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MOVIEW OF THE WEEK

A handsome and smoothly likable Roger Moore made his...

June 25, 1989|KEVIN THOMAS

A handsome and smoothly likable Roger Moore made his effective debut as James Bond in Live and Let Die (ABC Sunday at 8:30 p.m.), but this 1973 film itself lapsed into burlesque. This time out, Bond investigates evil doings in Harlem linked to nefarious activities on a mysterious Caribbean island.

The 1988 TV movie Body of Evidence (CBS Sunday at 9 p.m.) proved to be more of a nail-biter than many a theatrical film thriller. Criminal pathologist Barry Bostwick and police detective Tony Lo Bianco investigate a series of brutal stranglings in a small Massachusetts town; Margot Kidder plays Bostwick's wife.

Pete Kowanko stars in the new TV movie The Gifted One (NBC Sunday at 9 p.m.) as a man with telepathic powers in search of his natural mother.

In Carnal Knowledge (Channel 5 Monday at 8 p.m.), Mike Nichols' landmark 1971 film, Jack Nicholson and Art Garfunkel reveal the emotional malaise of two men who come of age during World War II. Ann-Margret won a well-deserved Oscar for her portrayal of Nicholson's pathetic sex-pot mistress.

Pleasures (ABC Monday at 9 p.m.), a so-so 1986 TV movies, finds three women living out their fantasies with the men of their dreams. With Joanna Cassidy, Linda Purl and Barry Bostwick.

Middle Age Crazy (Channel 5 Tuesday at 8 p.m.), a funny yet compassionate and incisive comedy that spans three generations, stars Bruce Dern as a Houston contractor for whom turning 40 is a painful milestone.

Yoshimitsu Morita's 1984 The Family Game (Channel 28 Tuesday at 10 p.m.) was one of the first Japanese films to spoof Japanese middle-class life outrageously (but in this instance, ever so subtly). Its story turns on the familiar predicament of a bright but mischievous teen-ager who won't make it to college unless he shapes up.

Jock Peterson (Channel 5 Wednesday at 8 p.m.) is an unjustly neglected Australian film starring Jack Thompson as a macho electrician who tries for more education.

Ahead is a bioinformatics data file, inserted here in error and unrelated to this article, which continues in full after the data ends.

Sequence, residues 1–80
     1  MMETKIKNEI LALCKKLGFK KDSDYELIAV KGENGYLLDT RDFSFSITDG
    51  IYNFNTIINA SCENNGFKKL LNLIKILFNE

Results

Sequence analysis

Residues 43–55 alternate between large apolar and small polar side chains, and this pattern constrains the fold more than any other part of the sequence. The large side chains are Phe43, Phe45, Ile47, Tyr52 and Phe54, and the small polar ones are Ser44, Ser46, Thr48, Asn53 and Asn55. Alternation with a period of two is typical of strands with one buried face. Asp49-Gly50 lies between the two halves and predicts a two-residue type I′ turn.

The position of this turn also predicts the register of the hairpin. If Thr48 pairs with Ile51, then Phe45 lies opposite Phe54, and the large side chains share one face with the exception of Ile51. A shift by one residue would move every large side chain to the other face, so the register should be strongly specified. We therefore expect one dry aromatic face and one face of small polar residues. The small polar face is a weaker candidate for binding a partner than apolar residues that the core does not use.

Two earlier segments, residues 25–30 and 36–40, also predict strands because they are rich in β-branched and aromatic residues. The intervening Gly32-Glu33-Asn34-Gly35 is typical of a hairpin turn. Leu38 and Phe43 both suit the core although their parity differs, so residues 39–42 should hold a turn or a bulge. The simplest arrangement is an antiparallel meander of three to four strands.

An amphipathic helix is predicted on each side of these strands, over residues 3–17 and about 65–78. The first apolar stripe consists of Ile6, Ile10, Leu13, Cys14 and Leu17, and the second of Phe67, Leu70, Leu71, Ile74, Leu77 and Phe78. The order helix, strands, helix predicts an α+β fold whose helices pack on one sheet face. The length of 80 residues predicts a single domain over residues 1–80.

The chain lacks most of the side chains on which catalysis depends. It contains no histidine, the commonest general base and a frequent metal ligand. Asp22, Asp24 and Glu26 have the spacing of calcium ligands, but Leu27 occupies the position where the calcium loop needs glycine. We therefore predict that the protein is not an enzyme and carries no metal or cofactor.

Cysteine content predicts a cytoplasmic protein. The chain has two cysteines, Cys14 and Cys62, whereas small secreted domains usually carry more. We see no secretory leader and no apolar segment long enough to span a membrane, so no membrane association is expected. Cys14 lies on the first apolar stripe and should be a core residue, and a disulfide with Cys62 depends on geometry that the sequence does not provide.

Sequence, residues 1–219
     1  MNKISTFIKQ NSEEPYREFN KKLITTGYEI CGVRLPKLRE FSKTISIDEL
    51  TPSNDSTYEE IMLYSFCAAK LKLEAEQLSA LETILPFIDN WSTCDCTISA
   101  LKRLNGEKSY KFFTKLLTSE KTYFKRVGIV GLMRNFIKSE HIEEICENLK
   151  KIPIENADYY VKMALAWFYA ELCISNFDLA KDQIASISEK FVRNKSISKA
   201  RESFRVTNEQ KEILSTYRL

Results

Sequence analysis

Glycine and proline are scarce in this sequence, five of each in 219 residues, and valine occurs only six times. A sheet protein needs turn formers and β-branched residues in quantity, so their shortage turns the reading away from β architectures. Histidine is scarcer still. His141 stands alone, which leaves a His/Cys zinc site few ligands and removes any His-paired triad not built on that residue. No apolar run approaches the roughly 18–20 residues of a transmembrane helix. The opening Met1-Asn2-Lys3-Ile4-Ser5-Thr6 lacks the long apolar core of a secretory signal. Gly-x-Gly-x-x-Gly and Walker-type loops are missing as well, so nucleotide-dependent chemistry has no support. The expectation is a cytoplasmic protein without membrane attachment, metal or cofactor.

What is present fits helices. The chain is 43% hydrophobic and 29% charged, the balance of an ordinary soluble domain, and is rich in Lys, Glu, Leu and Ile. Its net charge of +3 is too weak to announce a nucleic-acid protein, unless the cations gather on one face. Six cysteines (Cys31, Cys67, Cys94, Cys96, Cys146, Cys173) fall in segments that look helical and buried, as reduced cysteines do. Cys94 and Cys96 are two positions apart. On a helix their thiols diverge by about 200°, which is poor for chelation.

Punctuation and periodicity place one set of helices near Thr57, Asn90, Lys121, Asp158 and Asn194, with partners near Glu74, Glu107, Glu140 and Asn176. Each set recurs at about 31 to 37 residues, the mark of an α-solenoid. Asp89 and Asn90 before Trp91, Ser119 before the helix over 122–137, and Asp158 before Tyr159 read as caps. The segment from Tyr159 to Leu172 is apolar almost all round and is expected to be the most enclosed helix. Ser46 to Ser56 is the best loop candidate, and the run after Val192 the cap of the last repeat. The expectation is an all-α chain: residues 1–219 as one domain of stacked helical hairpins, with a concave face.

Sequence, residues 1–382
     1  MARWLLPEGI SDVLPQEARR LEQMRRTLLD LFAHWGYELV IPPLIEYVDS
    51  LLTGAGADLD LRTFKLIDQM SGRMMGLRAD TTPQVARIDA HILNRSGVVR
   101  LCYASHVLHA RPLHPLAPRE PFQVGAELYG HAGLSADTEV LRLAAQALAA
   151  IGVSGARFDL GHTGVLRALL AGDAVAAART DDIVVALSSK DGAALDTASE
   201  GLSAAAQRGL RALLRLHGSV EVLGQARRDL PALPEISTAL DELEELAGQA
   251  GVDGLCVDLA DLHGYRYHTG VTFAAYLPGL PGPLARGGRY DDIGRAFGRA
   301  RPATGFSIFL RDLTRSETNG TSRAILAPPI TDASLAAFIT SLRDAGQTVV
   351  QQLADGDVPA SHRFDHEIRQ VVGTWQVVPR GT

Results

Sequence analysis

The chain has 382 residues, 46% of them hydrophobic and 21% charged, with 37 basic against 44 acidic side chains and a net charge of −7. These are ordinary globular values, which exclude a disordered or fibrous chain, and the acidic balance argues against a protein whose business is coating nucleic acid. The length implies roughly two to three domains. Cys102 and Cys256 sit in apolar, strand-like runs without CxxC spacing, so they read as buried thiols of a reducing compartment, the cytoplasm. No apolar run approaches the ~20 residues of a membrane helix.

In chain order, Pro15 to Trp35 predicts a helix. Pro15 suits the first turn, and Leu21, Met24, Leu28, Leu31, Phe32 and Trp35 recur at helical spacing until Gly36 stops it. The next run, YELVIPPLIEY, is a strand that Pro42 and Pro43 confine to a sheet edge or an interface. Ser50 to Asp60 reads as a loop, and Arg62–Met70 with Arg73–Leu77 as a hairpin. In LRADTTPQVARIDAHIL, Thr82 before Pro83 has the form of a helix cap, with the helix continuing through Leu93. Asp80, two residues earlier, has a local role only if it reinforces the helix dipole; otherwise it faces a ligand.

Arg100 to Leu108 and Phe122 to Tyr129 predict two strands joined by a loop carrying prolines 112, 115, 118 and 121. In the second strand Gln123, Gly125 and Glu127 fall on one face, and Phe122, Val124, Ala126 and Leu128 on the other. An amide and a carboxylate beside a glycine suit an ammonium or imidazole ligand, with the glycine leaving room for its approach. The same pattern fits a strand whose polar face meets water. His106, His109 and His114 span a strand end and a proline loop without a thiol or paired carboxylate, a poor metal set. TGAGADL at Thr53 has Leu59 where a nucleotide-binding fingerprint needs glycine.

Brian De Palma's Dressed to Kill (Channel 11 Wednesday at 8 p.m.) is a shocking, perverse, amoral, sexy, bloody and finally offensive Hitchcock pastiche of Hitchcock in general and "Psycho" in particular. Michael Caine and Angie Dickinson star.

Joyce Chopra's shiveringly memorable 1985 film of a Joyce Carol Oates novel, Smooth Talk (Channel 28 Wednesday at 9 p.m., Channel 50 at 10 p.m.), may be the first film to get adolescence in contemporary America just right. The setting is summertime in Petaluma, where a 15-year-old (Laura Dern) is just discovering boys' attraction to her and her attraction to them. Treat Williams, never better, is the insinuating and confident man--no, boy--who hangs out at the high school kids' hamburger stand. Scary, acutely perceptive and genuinely enigmatic.

Although repetitive and meandering, Greta Schiller and Robert Rosenberg's Before Stonewall (Channel 28 Wednesday at 11 p.m.) is an entertaining, comprehensive, invaluable historical record of what life was like in America for homosexuals and lesbians before gay liberation.

There's no denying the excitement and tension of Alan Parker's Midnight Express (Channel 5 Thursday at 8 p.m.). But there's also no getting around the fact that this hugely successful 1978 film, inspired by a young American's ordeal in a Turkish prison, is highly exploitative, of questionable accuracy and gratuitously xenophobic. Brad Davis stars as the college student who makes the mistake of trying to smuggle hashish out of Turkey.

George Lucas' American Graffiti, that affectionate yet detached examination of the last hours of settled youth, returns on Channel 7 Thursday at 9 p.m. Much has been effectively crowded into one final night in the late summer of '62. Paul Le Mat, Cindy Williams and Richard Dreyfuss star.

Only one of the four directors who contributed episodes to the 1983 Twilight Zone--The Movie (CBS Friday at 8 p.m.) has succeeded in resurrecting the spirit of the Rod Serling TV fantasy series of the '60s. That's the final segment, in which John Lithgow gives a last, full measure of emotion to the fear of flying. It was adapted by Richard Matheson from his own 1963 TV episode and directed by George Miller.

Faye Dunaway is the delicious villainess of the light, airy Supergirl (ABC Saturday at 8 p.m.), which introduced Helen Slater in the title role as Superman's young cousin.

John Cassavetes' Gloria (Channel 13 Saturday at 9 p.m.) is a glorious, giddy gangster comedy that finds moll Gena Rowlands on the lam with a youngster.

The Return of Martin Guerre (Channel 28 Saturday at 10 p.m.), a superbly made, constantly surprising 1983 French film set in the 16th Century, is about a peasant (Gerard Depardieu) who returns to his home village after a nine-year absence.

The ratings checks on movies in the TV log are provided by the Tribune TV Log listings service.

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